Maitreya, a member of India’s Dalit community, picked up his first English book at 27. His first book, a translation, was rejected by several publishing houses.
In India’s structurally oppressive caste system, Dalits fall outside the classification into four main hierarchical castes. Over thousands of years, caste apartheid results in cumulative disparities in everything from education and medical care, to exploitation and violence at the hands of dominant, oppressor castes.
The world of publishing, it would seem, is no less hegemonized by oppressor castes than anything else. As an oppressor caste person myself, I know this to be true. The oppressor caste Indian primarily speaks English, correcting others’ versions of it wherever possible. Inevitably, gatekeeping ensues. (There are no official numbers but in Indian media houses, oppressor castes account for about 90 percent of the workforce.)
Eventually, Maitreya redirected his efforts and started his own publishing house. Born in 2016, Panther’s Paw Publication published its first book and became the first English anti-caste publishing house with a Dalit at its helm. It derives its name from the Dalit Panthers, a 1970s anti-caste organization inspired by The Black Panther Party. To date, it has published a total of 11 titles from eight authors, exclusively from oppressed caste backgrounds.
AKANKSHA SINGH: In Singing/Thinking Anti-Caste: Essays on Anti-Caste Music and Text, you write at length about visibility and what it means to you, personally, as well as the Dalit community on the whole. Panther’s Paw Publications (PPP) is, in many ways, a pinnacle of anti-caste visibility, being the first English-language anti-caste publishing house. How would you describe the ecosystem you’ve created with the publishing house in terms of its impact?
YOGESH MAITREYA: When it comes to the English language in India, of course, Panther’s Paw is significant — not just because I’m involved in it, but because of its vision and philosophy. Anti-caste publishers have been in India for hundreds of years now, and we can see them in vernacular states — even when they weren’t linguistic states. So, there were publishers who used to publish anti-caste literature from their particular languages. Over the decades, when British colonization ended in 1947, the domain or the control of the English language went straight into the hands of the Brahmins (the most privileged of the dominant castes; the priestly castes). So whatever happened in India in the English language — from bureaucracy to literature — was managed and dictated by them. Think of English writing (from India) on the global platform that gets recognition, the writings of Salman Rushdie or Anita Desai, or even their predecessors, Nirad C. Chaudhuri and Michael Madhusudan Dutt.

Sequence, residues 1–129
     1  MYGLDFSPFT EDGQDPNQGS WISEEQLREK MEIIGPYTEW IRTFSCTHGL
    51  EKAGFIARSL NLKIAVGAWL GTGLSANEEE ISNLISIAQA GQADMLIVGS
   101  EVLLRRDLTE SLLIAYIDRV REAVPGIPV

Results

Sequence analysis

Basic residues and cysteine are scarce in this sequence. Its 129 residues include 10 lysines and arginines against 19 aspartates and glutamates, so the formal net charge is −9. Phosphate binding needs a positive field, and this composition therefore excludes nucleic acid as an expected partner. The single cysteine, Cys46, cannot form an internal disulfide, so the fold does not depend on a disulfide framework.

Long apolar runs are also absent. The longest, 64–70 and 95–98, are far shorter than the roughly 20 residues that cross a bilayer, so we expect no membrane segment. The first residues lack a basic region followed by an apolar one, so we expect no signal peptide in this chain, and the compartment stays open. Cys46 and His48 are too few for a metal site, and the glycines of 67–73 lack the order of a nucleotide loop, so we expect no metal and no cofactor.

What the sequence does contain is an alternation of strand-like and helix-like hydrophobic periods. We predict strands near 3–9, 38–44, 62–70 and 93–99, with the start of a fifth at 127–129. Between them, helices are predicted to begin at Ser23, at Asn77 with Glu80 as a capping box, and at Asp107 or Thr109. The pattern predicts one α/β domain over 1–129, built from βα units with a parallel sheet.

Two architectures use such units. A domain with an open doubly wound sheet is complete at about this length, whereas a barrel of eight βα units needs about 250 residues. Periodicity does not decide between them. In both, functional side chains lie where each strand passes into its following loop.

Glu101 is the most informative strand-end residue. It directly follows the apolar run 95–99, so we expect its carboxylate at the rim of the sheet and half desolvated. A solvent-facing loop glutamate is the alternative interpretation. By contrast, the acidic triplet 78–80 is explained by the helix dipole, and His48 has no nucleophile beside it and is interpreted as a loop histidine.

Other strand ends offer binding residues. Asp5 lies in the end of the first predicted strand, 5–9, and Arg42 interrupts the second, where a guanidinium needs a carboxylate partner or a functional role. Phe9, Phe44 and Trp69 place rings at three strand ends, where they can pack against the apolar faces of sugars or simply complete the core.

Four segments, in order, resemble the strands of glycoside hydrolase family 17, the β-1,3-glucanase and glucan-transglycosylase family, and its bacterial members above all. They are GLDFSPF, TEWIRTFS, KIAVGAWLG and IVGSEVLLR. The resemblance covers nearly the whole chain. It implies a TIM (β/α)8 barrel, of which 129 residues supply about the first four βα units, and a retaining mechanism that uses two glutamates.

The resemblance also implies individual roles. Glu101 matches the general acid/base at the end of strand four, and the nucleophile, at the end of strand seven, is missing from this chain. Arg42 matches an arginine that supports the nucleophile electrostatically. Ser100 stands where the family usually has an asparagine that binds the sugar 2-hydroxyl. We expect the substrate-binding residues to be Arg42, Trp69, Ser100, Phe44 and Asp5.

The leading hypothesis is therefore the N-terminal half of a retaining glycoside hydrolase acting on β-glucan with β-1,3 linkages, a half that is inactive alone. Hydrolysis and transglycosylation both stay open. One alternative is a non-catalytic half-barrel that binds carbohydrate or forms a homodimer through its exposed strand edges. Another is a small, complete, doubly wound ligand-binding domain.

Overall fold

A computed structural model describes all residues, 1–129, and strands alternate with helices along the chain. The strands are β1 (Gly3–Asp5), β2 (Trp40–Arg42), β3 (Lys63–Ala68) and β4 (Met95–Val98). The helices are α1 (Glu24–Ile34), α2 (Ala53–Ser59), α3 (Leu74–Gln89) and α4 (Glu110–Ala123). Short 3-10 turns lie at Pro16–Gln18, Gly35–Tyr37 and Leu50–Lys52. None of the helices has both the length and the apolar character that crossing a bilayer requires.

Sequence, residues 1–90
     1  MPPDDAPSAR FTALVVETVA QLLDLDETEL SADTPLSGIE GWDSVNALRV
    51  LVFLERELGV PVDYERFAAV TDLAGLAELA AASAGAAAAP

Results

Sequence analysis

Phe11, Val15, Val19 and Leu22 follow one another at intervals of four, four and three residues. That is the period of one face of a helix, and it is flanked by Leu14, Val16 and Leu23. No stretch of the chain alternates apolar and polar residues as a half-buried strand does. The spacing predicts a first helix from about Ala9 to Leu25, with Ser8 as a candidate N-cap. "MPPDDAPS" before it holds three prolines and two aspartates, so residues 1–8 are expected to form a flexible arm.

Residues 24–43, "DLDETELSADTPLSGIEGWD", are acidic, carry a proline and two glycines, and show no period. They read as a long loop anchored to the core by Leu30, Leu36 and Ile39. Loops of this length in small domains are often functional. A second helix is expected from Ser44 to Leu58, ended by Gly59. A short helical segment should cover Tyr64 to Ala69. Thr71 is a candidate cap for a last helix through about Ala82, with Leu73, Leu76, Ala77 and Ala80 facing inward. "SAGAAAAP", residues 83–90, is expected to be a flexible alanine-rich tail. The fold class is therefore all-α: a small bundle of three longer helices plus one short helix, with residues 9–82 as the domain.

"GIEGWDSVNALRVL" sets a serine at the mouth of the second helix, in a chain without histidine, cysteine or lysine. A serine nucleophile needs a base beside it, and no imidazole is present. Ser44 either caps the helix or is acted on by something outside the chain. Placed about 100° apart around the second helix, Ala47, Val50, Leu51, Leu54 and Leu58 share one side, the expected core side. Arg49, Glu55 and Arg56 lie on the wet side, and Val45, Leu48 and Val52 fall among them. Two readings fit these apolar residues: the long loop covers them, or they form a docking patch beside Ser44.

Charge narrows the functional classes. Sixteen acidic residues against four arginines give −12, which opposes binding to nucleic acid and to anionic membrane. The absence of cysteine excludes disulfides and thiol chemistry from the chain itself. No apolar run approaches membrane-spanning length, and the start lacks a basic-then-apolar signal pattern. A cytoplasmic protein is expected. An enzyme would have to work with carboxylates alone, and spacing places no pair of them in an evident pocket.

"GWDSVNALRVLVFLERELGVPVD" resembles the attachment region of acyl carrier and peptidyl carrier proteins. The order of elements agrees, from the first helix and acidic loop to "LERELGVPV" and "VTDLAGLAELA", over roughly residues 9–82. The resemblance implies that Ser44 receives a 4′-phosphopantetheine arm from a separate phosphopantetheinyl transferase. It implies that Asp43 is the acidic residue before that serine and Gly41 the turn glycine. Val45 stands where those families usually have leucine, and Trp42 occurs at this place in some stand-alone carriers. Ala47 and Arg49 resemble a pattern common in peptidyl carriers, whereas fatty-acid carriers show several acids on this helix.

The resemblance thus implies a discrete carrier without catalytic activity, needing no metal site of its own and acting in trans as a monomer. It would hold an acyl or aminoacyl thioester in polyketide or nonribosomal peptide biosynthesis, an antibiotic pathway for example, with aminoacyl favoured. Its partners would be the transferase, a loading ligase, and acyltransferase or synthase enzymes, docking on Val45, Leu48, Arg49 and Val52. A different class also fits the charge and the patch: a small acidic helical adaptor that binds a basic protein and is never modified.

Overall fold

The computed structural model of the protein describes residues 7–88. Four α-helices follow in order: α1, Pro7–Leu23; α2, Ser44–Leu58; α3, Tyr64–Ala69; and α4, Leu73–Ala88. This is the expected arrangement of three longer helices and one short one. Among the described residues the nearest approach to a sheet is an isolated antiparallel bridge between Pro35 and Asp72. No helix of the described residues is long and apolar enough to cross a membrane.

When it comes to anti-caste publishing, the narrative is anti-caste: a person has to realize their way of life is anti-caste. Once they’ve decided their life philosophy is anti-caste their imagination also moves into those directions. And if that person were to end up writing, we can call their work anti-caste literature. What commune did to communism, in terms of forming the consciousness, the anti-caste movement did for Dalits through an anti-caste consciousness — and that has started reflecting in literature; it was the beginning point of anti-caste literature.